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Talk to Me's Sophie Wilde addresses the lack of awards recognition for horror movies

 Talk to Me.
Talk to Me.

It’s fair to say that 2023 was a busy year for Sophie Wilde. From heading to Sundance Film Festival to fronting two TV shows, including Netflix’s Everything Now, she’s been a mainstay on our screens. However, it’s her magnetic turn as Mia in A24’s hit horror Talk to Me that stands above the rest.

The low-budget thriller from YouTubers Danny Philippou and Michael Philippou became one of the viral successes of last year, and solidified Wilde as one to watch. Yet despite its success and landing on multiple best movies of the year lists (including Total Film’s 2023 ranking), the awards recognition has been very sparing.

BAFTA is one the few who have taken note, nominating Wilde for the EE Rising Star Award, alongside stars like Jacob Elordi and Ayo Edebiri. It’s a big honor, Wilde says when she speaks to GamesRadar+, especially as the Australian actor is well aware that horror rarely gets a look-in at these ceremonies.

"I feel that's definitely a conversation that seems to be constantly going around every award season when a big horror film comes around," she says on the topic. "You think of Toni Collette in Hereditary or Mia Goth last year. I find that such an interesting thing because, especially performance wise, horror requires actors to really stretch themselves in those performances and it requires the same amount of emotional depth, heart, and talent that I'd say a lot of comedy or a drama requires."

Sophie Wilde
Sophie Wilde

Mia in Talk to Me is definitely one of those performances. Set in Adelaide, the horror follows a group of friends who get sucked into an addictive new game. Figuring out they can conjure spirits using an embalmed hand, they get hooked on the high-stakes thrill, without realising the terrifying supernatural force that they’ve unlocked.

As a teenager dealing with the suicide of her mother, Wilde’s Mia is the lynchpin. At the same time a social outcast as well as the life of the party, she exists in polarities – and is often the one to take things too far. Speaking about the part, the actor calls her character "slightly deranged", explaining that that was a big part of what drew her to it, as well as its depiction of grief.

"It felt like a drama to me in a lot of ways," she explains. "[It’s] really exciting as an actor, to be able to play someone who gets to operate in so many different spaces as people are so multifaceted, and grief is such a multifaceted experience."

Not only this, but Wilde is emphatic about how Talk to Me depicts youth culture, and in particular Australian youth culture. "I feel like it's so real to life, it's so brutally honest," she explains. "Sometimes I don't know, when I watch things that are about teenagers, it feels so dated. They’re always on weird apps and shit that you’re like, this is not reflecting on us at all."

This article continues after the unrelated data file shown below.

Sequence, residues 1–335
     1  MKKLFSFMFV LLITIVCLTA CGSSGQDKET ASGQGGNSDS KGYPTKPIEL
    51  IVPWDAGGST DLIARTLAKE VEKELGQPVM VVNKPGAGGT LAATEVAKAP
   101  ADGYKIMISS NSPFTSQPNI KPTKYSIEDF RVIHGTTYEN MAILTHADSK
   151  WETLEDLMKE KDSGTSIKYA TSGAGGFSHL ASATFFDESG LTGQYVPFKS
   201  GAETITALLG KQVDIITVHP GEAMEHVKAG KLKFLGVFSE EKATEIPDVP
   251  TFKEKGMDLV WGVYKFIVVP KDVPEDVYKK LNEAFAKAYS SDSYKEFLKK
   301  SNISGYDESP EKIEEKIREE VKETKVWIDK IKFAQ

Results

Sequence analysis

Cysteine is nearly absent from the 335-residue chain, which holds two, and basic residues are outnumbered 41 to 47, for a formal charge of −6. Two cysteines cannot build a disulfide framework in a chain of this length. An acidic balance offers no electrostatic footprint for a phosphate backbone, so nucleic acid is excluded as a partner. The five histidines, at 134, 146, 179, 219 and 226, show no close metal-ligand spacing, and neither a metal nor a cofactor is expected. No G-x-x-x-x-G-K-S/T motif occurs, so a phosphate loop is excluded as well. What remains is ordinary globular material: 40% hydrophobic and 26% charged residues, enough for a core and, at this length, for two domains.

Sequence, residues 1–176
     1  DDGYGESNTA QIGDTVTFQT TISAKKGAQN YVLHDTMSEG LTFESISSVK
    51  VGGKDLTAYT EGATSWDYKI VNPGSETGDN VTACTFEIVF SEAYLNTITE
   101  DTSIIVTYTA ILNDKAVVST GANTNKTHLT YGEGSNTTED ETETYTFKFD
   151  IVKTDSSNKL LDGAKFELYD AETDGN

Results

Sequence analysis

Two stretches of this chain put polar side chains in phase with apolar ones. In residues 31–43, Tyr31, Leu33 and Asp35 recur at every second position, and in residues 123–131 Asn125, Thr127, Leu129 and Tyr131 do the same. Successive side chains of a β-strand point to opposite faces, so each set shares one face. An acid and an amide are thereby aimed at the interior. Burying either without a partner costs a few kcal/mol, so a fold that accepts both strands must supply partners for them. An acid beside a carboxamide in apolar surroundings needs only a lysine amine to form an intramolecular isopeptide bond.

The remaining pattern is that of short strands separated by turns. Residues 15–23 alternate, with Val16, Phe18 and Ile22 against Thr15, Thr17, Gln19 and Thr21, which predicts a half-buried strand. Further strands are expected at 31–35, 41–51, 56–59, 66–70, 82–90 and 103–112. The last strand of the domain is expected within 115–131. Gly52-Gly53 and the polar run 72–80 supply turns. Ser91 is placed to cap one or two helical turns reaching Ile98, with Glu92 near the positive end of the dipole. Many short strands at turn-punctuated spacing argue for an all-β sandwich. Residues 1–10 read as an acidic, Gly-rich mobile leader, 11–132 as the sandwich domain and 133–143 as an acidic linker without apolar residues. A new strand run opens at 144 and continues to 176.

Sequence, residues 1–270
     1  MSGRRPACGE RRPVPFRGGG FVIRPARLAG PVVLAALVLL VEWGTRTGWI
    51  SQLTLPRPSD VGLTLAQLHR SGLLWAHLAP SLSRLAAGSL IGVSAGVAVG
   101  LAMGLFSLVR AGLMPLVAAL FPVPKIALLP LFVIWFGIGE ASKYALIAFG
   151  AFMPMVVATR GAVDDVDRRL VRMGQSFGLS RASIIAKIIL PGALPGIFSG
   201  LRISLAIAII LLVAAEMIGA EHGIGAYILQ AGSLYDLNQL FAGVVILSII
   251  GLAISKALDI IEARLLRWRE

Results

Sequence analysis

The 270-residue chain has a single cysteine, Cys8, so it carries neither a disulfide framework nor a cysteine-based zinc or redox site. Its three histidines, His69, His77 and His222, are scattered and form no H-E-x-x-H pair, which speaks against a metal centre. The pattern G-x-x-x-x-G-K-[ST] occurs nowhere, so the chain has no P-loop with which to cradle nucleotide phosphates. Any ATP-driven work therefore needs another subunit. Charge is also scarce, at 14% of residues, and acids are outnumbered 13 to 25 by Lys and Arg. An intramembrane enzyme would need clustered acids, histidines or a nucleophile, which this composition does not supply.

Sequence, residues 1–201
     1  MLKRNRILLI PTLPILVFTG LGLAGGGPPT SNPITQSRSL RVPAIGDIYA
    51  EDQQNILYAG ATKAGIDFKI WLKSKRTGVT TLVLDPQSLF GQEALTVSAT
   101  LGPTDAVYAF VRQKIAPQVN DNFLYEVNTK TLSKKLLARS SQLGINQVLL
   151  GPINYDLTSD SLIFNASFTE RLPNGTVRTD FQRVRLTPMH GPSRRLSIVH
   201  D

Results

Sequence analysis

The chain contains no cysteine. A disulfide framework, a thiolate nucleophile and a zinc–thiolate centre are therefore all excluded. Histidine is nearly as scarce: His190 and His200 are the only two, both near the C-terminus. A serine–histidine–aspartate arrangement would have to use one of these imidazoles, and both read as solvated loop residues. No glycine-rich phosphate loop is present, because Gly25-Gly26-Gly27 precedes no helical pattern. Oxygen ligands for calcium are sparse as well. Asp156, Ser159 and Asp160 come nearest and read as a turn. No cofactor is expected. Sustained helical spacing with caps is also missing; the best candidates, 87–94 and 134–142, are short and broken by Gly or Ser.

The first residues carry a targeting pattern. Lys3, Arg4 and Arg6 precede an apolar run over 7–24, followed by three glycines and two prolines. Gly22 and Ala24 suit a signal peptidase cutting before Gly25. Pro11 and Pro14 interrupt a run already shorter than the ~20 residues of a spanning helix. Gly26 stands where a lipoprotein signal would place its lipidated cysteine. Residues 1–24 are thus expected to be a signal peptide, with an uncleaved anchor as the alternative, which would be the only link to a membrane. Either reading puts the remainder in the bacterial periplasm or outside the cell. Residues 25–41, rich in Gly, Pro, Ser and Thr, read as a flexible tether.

Talk to Me
Talk to Me

Wilde thinks it’s maybe the directors’ background of YouTubers that stops them from falling into the same mistakes. But whatever it is, it clearly works, with Talk to Me becoming the highest-grossing A24 horror movie. And while it may not be winning endless awards accolades, it’s certainly got the attention it deserves, with fans in The Lord of the Rings director Peter Jackson, horror maestro Jordan Peele, and Steven Spielberg.

"It's just insane," she says of the whole experience. "It was this indie film that we made in COVID in Adelaide, and we knew that it was special and had potential but we didn't really think it was going to kind of blow up in the way that it did or even have the global reach that it did."

The moment the sheer impact of it hit was at Sundance, where the film received its premiere in January 2023. "It's just so surreal, I remember when we were at Sundance, we were there and FaceTiming Jordan Peele at one point, I was like, 'What's going on?'"

The actor’s family have been similarly in awe of it, although Wilde does admit her mom has yet to watch it. "I tried to get her to watch the trailer, she walked out of the room halfway through," she laughs. On the other side though, her grandparents hired out a whole cinema to watch it, which Wilde says was quite an experience.

"They’re from this tiny town in rural Australia and they hired out the whole cinema and invited all of their friends to come watch it," she laughs. "All of these people are like 90 years old. I said to him before I was like, 'Don’t watch this film, this is a bad idea' and they all watched it and they were all horrified."

Wilde adds: "I was just sitting in the cinema and I was like, 'Oh my God, like what have I done?'" Well, hopefully, at least tuning in for the BAFTAs will be a less spine-tingling experience.


Voting for the EE Rising Star Award is now open at ee.co.uk/BAFTA until 12pm GMT on Friday, February 16. The winner will be announced at the EE BAFTA Film Awards on Sunday February 18. The EE Rising Star Award is the only category at the EE BAFTA Film Awards to be voted for by the public.

For more, check out our list of all of the 2024 BAFTA nominations.